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Computer crimes rising, say police

Date: March 26, 2008
Source: Newsinfo.inquirer.net
By: Alcuin Papa

MANILA, Philippines -- Crimes committed via computer rose sharply last year, the Philippine National Police (PNP) said Sunday.

A briefing paper on cyber crimes by the Criminal Investigation and Detection Group (CIDG) said that PNP's 1,843 crimes involving computers were reported to police in 2007, almost triple the 527 crimes reported in 2006.

Overall, a total of 2,624 computer crimes were reported from 2003 to 2007. From only 37 in 2003, the number of computer crimes rose to 56 in 2004. It surged to 161 in 2005.

Between 2004 and 2006, the PNP's cyber crime unit investigated 195 cases requiring computer forensics.

The online crimes consist of, among others, credit card fraud, cyber pornography, copyright infringement, and computer crimes defined as in Republic Act No. 8792 or the E-Commerce Act, and RA 8484 or the Access Devices Regulation Acts.

CIDG commander Chief Supt. Raul Castaņeda said they were going "full blast" against cyber crimes.

"We are really focusing on cyber crimes. We have to be prepared because this is the wave of the future," Castaņeda told the Philippine Daily Inquirer (parent company of INQUIRER.net).

The CIDG's efforts have resulted in the conviction in 2005 of JJ Maria Giner, the first conviction of a hacker in the country. Giner was convicted under the E-Commerce Act for hacking into government websites.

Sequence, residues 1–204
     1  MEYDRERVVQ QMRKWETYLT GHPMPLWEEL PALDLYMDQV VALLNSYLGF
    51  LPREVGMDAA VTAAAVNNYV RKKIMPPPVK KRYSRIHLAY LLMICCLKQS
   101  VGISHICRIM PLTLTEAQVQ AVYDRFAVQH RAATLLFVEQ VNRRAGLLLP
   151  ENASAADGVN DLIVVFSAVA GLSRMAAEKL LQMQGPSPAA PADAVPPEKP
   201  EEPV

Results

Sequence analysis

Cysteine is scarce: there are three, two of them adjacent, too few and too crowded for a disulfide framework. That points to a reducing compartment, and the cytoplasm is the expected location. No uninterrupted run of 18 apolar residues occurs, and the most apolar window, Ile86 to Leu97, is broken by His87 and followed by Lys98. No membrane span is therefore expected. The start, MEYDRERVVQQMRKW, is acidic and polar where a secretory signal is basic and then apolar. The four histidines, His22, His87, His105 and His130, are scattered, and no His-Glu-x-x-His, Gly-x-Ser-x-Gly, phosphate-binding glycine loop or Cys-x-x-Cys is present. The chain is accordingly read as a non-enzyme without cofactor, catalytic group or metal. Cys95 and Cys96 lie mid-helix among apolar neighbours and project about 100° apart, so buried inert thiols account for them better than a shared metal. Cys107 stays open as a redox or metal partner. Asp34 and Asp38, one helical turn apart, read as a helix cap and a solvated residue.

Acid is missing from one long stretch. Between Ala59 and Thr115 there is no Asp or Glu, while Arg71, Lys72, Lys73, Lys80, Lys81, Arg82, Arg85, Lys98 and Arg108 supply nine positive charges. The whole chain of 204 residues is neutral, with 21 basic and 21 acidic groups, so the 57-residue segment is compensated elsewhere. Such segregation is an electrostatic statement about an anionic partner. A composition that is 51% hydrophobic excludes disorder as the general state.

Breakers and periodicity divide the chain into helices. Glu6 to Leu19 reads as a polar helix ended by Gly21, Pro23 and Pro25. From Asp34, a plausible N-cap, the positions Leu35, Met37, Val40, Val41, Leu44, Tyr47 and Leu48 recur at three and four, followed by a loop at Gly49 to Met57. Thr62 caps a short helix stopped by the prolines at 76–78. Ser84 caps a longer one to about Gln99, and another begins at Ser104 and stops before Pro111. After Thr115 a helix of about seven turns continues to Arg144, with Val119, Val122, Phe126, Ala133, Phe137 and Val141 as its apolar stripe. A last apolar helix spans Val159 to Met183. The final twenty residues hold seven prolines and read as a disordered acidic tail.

The CIDG has also disabled 21 "phishing" sites based in the country. Phishing is an attempt to fraudulently obtain sensitive information like user names, passwords and credit card details by passing oneself as friendly and trustworthy through electronic communication.

Computer and cell phone forensics were also used in other cases like the one against members of the Communist Party of the Philippines-New People's Army (CPP-NPA), the murder of former Abra Rep. Luis Bersamin, the cases against Magdalo soldiers, the Batasan blast as well as other bombing incidents, and the Peninsula Manila siege.

Castaņeda revealed that training and procurement of equipment was ongoing to beef up their capabilities in computer forensics and cyber crime investigation.

He noted that computer forensics as well as cell phone forensics were becoming vital in antiterrorism and anti-criminality operations.

Castaņeda said efforts to fight cyber crime were mostly concentrated in Metro Manila. But he said they would put up satellite units in Davao, Zamboanga, Cebu and Baguio cities.

At present, the CIDG's computer crimes unit only has nine operatives. But 200 CIDG personnel have received training in cyber crime investigation.

Most of the equipment being used by the CIDG came from the US Anti-Terrorism Assistance Program.

To boost its campaign against cyber crimes, the CIDG is forging closer ties with the National Bureau of Investigation, the Police Anti-Crime Emergency Response unit, Interpol, National Intelligence Coordinating Agency, Anti-Money Laundering Council and Microsoft.

The Philippines is also tying up with other countries with cyber crime units like China, India, Indonesia, Korea, Malaysia, Singapore, Thailand, Japan and Hong Kong.


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